Earlier this week, Tony Wroten lost the sole of one of his Jordan 10s in a game against the Pacers. Retro issues aren’t necessarily meant for on-court performance, especially at the NBA level, so this particular malfunction was somewhat understandable.
But Wroten kept the story going a couple of days later by saying that Michael Jordan himself had put in a call to personally apologize.
“It was more embarrassing than anything,” Wroten said Wednesday. “But things happen. I got an apology from Jordan. Yeah. … He called my agent.”
Once that got a little traction, however, Wroten and his agent denied what the player had said.
Jason Wolf of Delaware Online posted the audio of the exchange, and that’s not how it went down. Also, when listening back to what was said, there was zero indication that Wroten may have been joking while making those remarks.
“It wasn’t really a big deal,” Wroten said after the Sixers’ loss to the Knicks on Friday night. “But I just wanted to go on Twitter and let people know that Jordan didn’t apologize. … When you listen to the audio, it probably wouldn’t seem like I was joking at all, but that’s why I just had to come out and let people know I was.”
In a time where 100 percent of interviews with players or coaches are recorded, posting the audio should be the standard protocol anytime a disagreement or denial emerges over something that was said. Wroten’s final comments on the matter seem to be the most truthful in this whole mess, but it seems he only came completely clean once it was absolutely necessary.
There’s so much money floating around the Bay Area right now thanks to another tech boom, this price almost seems low.
If you have a suite for the Golden State Warriors home games this season — and those are pretty much sold out, the Warriors draw big from the Silicon Valley crowd — you can have the NBA championship Larry O’Brien Trophy visit your suite. All for just a couple grand. From Gilbert Lee, via ESPN’s Darren Rovell.
The best part is it includes champagne… do you get to spray each other with it as you hold up the trophy? Now that would be perfect (goggles included, of course).
Have an issue with this? Why? To the victor goes the spoils. The Warriors may be able to sell this package for years.
First, the Sixers nailed the Nike “statement” jersey.
Now, they have announced a new “Spirit of 76” promotion, with seven tribute nights this season honoring the history of the franchise and of the Philadelphia area (and there is plenty of history to honor).
The best part — the “Spirit of 76” court with the bell logo.
Here is the promo vid
I just hope the Sixers team can live up to all the hype.
When the Washington Wizards open training camp next Tuesday, starting forward Markieff Morris will not be on the court.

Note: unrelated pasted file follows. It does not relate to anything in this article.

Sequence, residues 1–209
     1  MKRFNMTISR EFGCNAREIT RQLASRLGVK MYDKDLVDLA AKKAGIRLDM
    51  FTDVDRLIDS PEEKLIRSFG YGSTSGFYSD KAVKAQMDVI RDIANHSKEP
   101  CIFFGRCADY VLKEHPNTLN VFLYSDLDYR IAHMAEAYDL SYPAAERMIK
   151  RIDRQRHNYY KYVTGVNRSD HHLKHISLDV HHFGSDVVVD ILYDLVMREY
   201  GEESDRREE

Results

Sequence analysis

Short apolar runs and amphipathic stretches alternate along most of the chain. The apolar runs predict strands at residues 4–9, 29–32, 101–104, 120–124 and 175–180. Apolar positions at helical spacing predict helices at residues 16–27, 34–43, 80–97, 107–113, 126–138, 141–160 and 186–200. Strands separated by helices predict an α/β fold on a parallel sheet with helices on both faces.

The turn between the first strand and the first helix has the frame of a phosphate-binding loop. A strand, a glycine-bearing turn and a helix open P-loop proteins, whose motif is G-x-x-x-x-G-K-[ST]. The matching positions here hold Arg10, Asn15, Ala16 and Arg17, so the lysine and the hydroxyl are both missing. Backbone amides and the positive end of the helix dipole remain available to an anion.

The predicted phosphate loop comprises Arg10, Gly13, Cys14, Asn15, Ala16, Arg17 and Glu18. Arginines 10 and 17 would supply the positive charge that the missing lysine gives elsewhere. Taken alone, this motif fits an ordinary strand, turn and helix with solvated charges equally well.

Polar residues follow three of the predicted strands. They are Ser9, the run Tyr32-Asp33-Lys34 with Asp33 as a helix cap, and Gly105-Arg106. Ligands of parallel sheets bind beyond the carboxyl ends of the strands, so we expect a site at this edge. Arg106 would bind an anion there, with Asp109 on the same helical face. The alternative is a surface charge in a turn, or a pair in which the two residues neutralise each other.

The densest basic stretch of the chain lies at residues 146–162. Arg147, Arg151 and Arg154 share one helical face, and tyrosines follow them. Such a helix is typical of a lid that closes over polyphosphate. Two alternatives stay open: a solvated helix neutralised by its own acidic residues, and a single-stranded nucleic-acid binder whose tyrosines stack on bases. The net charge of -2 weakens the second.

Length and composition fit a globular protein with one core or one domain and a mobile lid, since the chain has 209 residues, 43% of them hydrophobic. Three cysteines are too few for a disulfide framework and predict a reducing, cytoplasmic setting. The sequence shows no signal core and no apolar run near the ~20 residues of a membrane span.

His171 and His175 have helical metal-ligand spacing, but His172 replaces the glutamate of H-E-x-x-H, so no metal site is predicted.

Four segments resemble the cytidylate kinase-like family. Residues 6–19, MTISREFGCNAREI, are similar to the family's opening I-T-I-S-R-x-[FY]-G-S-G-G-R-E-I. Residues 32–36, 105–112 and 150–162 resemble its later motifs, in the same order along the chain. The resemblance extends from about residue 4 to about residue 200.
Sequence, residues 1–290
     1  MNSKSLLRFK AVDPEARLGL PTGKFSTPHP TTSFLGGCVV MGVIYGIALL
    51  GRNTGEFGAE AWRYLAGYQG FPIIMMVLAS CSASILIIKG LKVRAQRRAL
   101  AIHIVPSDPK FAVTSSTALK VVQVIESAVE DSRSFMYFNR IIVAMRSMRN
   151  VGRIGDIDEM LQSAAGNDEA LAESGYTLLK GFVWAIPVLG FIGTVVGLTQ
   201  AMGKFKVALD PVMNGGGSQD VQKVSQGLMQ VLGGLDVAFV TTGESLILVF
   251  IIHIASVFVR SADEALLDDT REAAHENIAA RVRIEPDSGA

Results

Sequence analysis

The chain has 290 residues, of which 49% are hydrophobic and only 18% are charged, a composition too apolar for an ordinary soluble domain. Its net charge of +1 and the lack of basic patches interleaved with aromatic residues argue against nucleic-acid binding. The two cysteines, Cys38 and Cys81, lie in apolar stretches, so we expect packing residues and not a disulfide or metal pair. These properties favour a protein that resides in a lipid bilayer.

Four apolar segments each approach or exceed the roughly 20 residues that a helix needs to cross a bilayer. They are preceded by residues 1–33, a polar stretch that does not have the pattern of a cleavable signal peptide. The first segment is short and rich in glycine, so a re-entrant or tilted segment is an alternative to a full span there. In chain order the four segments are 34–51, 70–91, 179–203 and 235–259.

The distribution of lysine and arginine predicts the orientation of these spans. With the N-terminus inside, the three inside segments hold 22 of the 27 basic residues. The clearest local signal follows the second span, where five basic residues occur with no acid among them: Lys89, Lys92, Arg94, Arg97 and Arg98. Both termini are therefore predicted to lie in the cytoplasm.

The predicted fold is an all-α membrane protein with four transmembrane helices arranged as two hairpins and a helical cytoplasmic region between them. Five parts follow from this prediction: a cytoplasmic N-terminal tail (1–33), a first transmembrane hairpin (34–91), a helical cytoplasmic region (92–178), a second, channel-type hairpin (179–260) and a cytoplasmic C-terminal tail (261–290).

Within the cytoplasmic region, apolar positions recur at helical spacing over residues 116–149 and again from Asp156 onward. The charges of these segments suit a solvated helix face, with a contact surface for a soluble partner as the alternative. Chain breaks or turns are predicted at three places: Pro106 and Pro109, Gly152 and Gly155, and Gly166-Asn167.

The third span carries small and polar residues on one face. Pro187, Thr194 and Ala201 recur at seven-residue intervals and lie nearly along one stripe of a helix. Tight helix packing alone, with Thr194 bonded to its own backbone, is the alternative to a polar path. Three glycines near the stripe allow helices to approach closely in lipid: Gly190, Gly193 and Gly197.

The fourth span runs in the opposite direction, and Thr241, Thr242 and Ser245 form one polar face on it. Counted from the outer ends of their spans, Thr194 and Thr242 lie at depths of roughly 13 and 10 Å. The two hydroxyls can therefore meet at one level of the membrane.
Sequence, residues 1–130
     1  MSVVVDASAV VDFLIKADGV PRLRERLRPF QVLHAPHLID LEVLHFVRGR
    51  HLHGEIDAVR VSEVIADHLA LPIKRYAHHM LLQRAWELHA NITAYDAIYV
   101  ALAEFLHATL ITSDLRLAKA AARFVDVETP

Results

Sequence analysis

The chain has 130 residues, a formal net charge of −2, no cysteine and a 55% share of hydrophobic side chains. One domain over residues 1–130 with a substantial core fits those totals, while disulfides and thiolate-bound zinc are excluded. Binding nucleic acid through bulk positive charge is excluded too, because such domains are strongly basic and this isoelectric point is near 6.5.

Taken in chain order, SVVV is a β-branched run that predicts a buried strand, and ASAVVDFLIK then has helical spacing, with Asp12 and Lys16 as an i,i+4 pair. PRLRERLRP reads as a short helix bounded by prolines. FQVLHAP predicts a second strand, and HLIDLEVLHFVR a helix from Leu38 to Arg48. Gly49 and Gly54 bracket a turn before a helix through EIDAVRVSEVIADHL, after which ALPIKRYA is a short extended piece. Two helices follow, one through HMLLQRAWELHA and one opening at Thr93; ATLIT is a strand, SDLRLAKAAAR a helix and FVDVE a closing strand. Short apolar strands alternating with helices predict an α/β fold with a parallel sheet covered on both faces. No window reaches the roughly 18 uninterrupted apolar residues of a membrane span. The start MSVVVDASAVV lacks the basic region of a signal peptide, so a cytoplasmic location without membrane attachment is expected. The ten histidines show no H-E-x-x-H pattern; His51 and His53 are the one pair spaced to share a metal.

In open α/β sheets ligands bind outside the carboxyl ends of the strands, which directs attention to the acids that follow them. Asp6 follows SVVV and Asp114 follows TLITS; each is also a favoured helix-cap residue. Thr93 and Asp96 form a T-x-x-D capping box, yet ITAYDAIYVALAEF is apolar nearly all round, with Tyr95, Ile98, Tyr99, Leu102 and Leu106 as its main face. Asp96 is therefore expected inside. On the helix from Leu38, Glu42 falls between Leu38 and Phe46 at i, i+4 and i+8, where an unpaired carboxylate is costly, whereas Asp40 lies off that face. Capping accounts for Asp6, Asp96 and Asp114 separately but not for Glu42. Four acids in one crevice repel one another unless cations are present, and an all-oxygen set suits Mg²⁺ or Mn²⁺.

That’s because he will have surgery to repair a sports hernia, a story broken by Candice Buckner of the Washington Post and since confirmed by Chase Hughes at CSNMidAtlantic.com.
While we don’t have details on the surgery, often recovery time for this is just a few weeks, and Morris could well be ready for the start of the season.
Morris averaged 14 points and 6.5 rebounds a game last season, and the Wizards offense was 5.7 points per 100 possessions better when he was on the court last season. With him out, coach Scott Brooks can lean on Jason Smith or Mike Scott for traditional lineups, but don’t be shocked if he tries a little small ball with Otto Porter and/or Kelly Oubre at the three or four.
Morris also is in the midst of a felony assault trial in Arizona (one where he does not need to attend).
This is the season the 76ers make the leap from team with potential to playoff team fast on the rise.
That’s the plan in Philly, but there are a lot of questions for this team to answer. While a couple of these issues are answered already — Ben Simmons and Markelle Fultz are cleared to play and practice with teammates — a couple big ones still hang around. At the top of the list is “how healthy is Joel Embiid?” Coach Brett Brown doesn’t even have that answer yet, reports Derek Bodner of The Athletic.
It’s this simple: The Sixers outscored opponents by 3.3 points per 100 possessions when Embiid was on the court last season, he was a dominant force defensively who scored 20.2 points a game. When he was off the court the Sixers were 11.5 points per 100 possessions worse. They need him to play and play consistently if the Sixers have playoff dreams. It’s unclear when Embiid will return, but know that the Sixers will be cautious with his minutes again when he does get cleared (he has played just 31 games in three seasons).
Does that mean more Jahlil Okafor? Maybe not, the Sixers are still willing to trade him.
The Sixers have shopped Okafor for most of a year and found no deal they like. Okafor battled knee issues last season and, after a summer working to get healthy, other teams will want to see him play a little before talking trade. If he comes to camp slimmed down and his knee looks right, it could revive trade talks. Using a back-to-the-basket game, he averaged 11.8 points a night shooting 51 percent last season, he’s efficient, and some teams could use what he does (off the bench).
It’s going to be an interesting season in Philly. Are they playoff bound?